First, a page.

If TomTom doesn't cooperate and the case does go to trial, Updegrove thinks Microsoft could be in trouble. "Now that Microsoft, finally, after so much posturing, has identified some of its patent claims, those claims will be subjected to a level of scrutiny the likes of which has never been seen before. One way to bust a patent is by revealing 'prior art' -- in layman's terms, evidence that someone else developed the same technology before, or that the patented invention could reasonably be inferred by one skilled in the trade.
"If there is a shred of prior art on the planet, it will be found and made available to the court," Updegrove said. "One need only look to the abysmal experience of SCO to see how much blood, sweat and tears (and, in that case, an unparalleled amount of folly, as well) can be spilled in tilting at Linux. With SCO vanquished, plenty of trained troops itching for another fight."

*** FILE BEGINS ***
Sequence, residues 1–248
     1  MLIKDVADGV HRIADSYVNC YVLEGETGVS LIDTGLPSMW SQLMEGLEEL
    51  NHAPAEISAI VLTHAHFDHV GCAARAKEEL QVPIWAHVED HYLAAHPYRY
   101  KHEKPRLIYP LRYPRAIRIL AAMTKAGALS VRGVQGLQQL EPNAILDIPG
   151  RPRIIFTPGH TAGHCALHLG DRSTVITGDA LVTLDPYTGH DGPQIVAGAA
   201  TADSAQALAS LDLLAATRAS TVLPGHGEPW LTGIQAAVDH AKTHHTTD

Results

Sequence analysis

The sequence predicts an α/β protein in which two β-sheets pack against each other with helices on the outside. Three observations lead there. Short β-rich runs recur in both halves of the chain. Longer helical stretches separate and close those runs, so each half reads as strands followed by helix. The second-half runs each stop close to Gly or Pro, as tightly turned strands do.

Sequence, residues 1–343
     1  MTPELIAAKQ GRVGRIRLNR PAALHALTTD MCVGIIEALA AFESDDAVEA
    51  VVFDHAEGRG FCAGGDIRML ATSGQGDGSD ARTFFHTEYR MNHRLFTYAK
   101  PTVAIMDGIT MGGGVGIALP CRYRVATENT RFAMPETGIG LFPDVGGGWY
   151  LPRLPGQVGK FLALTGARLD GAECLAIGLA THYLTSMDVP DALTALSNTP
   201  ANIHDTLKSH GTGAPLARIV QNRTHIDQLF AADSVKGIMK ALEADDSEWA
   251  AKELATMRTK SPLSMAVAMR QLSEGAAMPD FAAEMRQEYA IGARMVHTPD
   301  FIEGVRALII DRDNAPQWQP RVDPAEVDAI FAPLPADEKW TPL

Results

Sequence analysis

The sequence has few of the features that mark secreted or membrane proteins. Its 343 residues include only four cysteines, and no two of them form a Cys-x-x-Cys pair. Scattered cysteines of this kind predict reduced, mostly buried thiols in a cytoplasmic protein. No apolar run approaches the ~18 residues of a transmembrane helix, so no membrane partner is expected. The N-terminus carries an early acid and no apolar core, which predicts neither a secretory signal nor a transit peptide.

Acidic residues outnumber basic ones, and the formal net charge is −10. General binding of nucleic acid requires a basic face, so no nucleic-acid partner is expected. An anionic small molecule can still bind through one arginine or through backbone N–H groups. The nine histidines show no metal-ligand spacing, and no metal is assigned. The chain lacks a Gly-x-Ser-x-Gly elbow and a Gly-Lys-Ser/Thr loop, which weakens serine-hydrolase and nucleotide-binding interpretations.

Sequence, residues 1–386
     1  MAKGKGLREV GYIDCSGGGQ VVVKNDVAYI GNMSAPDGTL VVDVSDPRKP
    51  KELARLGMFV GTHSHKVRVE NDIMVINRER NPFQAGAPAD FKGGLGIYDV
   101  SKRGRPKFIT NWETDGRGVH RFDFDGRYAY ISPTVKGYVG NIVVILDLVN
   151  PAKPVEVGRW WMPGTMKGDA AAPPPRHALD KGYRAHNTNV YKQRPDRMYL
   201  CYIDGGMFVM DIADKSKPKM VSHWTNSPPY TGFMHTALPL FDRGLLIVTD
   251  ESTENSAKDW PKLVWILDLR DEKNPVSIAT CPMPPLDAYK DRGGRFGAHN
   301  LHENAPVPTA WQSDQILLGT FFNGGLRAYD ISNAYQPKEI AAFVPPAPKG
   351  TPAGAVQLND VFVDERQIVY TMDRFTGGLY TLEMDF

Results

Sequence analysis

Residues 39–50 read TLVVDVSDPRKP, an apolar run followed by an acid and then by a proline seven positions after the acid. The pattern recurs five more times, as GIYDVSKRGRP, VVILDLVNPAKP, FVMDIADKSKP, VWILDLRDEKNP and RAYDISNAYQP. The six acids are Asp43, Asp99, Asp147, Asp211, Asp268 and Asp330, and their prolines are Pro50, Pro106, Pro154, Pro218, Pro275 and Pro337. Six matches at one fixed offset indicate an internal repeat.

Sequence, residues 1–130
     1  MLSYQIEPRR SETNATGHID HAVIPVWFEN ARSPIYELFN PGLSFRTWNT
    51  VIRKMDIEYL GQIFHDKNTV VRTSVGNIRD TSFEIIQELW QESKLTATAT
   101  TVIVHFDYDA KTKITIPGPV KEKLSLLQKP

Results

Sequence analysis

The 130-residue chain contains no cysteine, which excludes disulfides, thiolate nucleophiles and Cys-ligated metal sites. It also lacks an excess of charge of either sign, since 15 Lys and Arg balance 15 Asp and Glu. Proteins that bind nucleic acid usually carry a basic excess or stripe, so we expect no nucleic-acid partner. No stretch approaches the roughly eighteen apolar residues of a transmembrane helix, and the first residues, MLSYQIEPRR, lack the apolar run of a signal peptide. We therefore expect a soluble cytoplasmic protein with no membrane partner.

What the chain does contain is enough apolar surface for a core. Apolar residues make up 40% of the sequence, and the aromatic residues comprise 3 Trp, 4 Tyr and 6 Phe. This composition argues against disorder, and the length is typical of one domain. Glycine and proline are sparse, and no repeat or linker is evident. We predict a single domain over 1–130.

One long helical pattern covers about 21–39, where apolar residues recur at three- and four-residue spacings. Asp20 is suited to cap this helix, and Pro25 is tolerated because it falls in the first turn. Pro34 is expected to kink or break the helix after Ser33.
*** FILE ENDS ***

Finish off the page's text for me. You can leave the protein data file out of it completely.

One of those troops, Pamela "PJ" Jones, editor of Groklaw, is ready to go. Jones thinks that after the Bilski case knocked out the legal foundation to many business process and software patents, Microsoft would be foolish to take these patents to trial. "What makes you assume they are valid in the post-Bilski world?" Jones wrote. "Don't even get me started on obviousness. Let alone who really 'invented' that stuff. This may turn out to be an opportunity, frankly."
So, will Microsoft actually push its case if TomTom doesn't cooperate? If it does, it could well end up being a battle over IP in Linux -- and that's a battle at least some open-source supporters are more than ready for.